Pre-cooking grains and legumes and storing them for future use is an excellent way to make meal prep easier down the road. This article addresses choosing grains and legumes to cook ahead, the cooking and storage process, and how to use your treasure trove. Your future self will thank you for the minimal amount of time you invest today!
I’m feeling particularly competent today. After having lunch yesterday with a friend who served nourishing and completely satisfying salad bowls with a mix of grains, greens and more, I’ve been thinking about nothing else. Well, not quite nothing, but visions of similar meals on my table sparked my imagination and got me into the kitchen first thing this morning.
I’ve made such meals before, like this one, but always at the last minute, meaning I had to start by preparing the grains or legumes. While that’s a pleasant project for an afternoon where I have the time and inclination to cook, like everyone I appreciate being able to pull together a nutritious, tasty meal quickly. This is where pre-cooking grains and legumes comes in.
Choosing Grains and Legumes to Cook Ahead
This morning I cooked up a batch of large green lentils with a clove of garlic and a half onion that was lounging in the refrigerator, just to infuse a little more flavour. Then I made a batch of brown basmati rice. Quinoa was next on the list, and seeing that both the regular and red varieties were in the pantry, I made some of each.
The result is a mix that’s pleasing to both the eye and the palate. I love the subtle interplay of colours and shapes, and especially the pop of colour the red quinoa provides.
The possibilities for making pre-cooked grain and legume mixes like this are vast. Just use the ones you like to eat (and don’t be afraid to experiment — in future I may add farro or freekah). I’ve frozen both lentils and chickpeas in the past, and would like do this with beans as well. If you’re unsure whether a grain will freeze well, I suggest you check online. While I haven’t made amaranth or teff, I’ve seen advice that they’re too small for this purpose. Opinions seem to be divided on using millet this way, so I may experiment sometime and decide for myself. My friend used a mixed of sprouted grains, and I’m definitely going to look for some of those because they were delicious.
Think also about what proportions of the individual elements you’d like to have. If you’re a big fan of lentils, you may want them to predominate or at least be equal to the other elements in the mix. You could freeze the individual grains and legumes separately, as well, to give you more options at time of use.
What are your favourite grains and legumes to cook ahead, and how do you use them?
Cooking Grains and Legumes
Cooking grains and legumes is a relatively simple kitchen task. Just cook each grain or legume individually, according to the package instructions and taking care not to overcook them. Keep in mind that you’ll likely be reheating them at some point, so there will be some additional cooking time in future.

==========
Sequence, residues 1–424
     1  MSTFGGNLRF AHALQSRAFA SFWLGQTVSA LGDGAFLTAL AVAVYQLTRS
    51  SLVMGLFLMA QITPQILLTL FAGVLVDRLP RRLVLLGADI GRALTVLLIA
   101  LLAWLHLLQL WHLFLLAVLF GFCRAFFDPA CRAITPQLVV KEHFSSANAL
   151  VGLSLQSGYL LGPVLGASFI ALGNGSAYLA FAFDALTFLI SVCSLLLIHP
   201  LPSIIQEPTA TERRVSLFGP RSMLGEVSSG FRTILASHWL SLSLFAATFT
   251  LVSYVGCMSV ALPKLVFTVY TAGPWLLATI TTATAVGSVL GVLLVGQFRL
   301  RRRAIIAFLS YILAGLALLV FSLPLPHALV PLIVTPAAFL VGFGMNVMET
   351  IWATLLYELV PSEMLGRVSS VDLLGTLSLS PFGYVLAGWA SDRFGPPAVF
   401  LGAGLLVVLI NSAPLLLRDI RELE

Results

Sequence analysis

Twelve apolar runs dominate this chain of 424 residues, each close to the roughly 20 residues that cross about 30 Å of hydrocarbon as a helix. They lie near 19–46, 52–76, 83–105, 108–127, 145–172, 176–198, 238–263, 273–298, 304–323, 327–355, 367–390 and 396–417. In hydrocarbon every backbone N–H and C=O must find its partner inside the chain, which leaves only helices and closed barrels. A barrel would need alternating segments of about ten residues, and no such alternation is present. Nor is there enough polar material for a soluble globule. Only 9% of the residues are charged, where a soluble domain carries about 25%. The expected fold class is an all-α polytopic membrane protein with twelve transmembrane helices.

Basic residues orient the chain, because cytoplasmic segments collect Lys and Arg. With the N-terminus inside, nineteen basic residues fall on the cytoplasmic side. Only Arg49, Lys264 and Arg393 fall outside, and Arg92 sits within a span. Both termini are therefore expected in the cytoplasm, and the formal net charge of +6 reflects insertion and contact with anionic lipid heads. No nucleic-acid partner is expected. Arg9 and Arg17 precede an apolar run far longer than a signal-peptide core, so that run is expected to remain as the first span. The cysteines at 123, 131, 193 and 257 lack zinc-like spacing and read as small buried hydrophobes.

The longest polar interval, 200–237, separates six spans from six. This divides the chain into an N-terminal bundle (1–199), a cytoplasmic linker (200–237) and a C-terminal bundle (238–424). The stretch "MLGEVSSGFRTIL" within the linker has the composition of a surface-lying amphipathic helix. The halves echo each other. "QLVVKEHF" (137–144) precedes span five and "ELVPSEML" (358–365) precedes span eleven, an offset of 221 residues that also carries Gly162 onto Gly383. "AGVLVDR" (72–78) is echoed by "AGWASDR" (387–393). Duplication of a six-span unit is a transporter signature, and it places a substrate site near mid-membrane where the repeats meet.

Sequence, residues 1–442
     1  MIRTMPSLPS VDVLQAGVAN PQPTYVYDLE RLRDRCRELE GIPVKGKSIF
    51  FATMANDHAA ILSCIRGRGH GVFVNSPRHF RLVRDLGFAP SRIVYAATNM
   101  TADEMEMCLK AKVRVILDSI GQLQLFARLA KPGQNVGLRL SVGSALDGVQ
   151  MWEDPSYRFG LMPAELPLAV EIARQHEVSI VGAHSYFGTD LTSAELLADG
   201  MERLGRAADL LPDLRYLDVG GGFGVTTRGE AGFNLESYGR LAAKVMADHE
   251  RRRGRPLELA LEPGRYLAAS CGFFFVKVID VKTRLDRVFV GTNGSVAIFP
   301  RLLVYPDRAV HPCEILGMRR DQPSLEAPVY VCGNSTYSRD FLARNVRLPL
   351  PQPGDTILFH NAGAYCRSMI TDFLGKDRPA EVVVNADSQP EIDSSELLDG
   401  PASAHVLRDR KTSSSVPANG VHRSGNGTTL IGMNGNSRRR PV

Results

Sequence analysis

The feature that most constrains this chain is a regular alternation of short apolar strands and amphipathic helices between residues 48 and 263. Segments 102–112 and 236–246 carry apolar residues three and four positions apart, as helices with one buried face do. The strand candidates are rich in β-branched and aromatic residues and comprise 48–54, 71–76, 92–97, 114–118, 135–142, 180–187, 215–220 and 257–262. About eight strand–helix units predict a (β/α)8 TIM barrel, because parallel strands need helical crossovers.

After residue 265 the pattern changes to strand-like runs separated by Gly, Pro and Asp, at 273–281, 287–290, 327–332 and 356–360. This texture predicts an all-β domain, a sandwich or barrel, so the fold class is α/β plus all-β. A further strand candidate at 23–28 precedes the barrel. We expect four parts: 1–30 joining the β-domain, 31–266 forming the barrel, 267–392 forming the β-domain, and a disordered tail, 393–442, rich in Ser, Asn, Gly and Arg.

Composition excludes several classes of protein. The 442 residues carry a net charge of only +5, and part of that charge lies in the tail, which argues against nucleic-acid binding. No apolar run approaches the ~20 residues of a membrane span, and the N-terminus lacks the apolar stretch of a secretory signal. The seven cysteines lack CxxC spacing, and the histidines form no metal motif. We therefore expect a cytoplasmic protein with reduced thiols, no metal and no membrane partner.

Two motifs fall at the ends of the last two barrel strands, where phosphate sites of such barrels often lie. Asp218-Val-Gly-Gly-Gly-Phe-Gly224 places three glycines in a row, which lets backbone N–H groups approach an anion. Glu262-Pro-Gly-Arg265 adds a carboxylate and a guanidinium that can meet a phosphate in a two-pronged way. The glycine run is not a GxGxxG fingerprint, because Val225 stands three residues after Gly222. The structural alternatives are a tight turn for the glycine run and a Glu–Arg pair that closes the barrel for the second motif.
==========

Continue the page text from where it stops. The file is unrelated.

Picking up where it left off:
When each batch is ready, spread the tender grains and legumes onto parchment-covered baking trays set on racks, spreading them out as thinly as possible to encourage the cooling process. Turn the cooked grains over once or twice while cooling, and use a spatula to break up the individual rice and quinoa grains as much as possible.
When everything is cool, you can lift the parchment (be careful to use all four corners — I had a small rice spill!) to convey each cooked grain or legume to a large bowl. Gently fold everything together using a large serving spoon or spatula. Or, you might prefer to store each component separately rather than as a blend.
Food Safety Tip
For food safety purposes, it’s important to transfer the cooled rice and other grains to the fridge or freezer as soon as they are sufficiently cooled (i.e., to room temperature), which only takes about 10 minutes or so.
Storing Pre-Cooked Grains and Legumes
As for storage, for convenience I suggest dividing into the portion sizes that make the most sense for your purposes. For the most part I scooped up one-cup portions, which I’ve deemed adequate for me, put them in plastic sandwich bags, pressed out the air and sealed them flat. These are in the freezer now, where they’ll last a couple of months, awaiting my next craving. I have a bigger portion in the fridge, ready for company tomorrow, but I could keep them there for four or five days. In case you’re wondering, I have 11 portions squirrelled away, and they’ll be a boon on days when I want a good meal but want to keep the prep simple.
Using Pre-Cooked Grains and Legumes
So what will I be using my treasure trove for? While each element contributes its own texture and subtle flavour, grains and legumes really are a blank slate for whatever flavour profile or treatment catches my fancy. I can add them cold to hot dishes, or gently warm them with a bit of water in the microwave or a skillet and use them in breakfast, lunch or dinner bowls. They would be good mixed into a salad, added into soup, or heated and tossed with herbs, aromatics and other goodies to make a side dish for a meal. I’ll let you know what I come up with!
What are your favourite grains and legumes to cook ahead, and how do you use them? Let me know in the comments!
Looking for Recipes to Use Pre-Cooked Grains and Legumes?
Storing cooked grains and legumes in your freezer leads to pretty much endless possibilities. There are a few ways that I’ve used my store of them. Here’s a bit of a primer on building nutritious Goodness Bowls. This Pomegranate Chicken Thighs & Kale and Grain Salad dish benefitted from this make-ahead prep, as would any grain or legume-based salad, like this Simple Quinoa Salad.
First published 2016 04 12
Updated 2019 03 02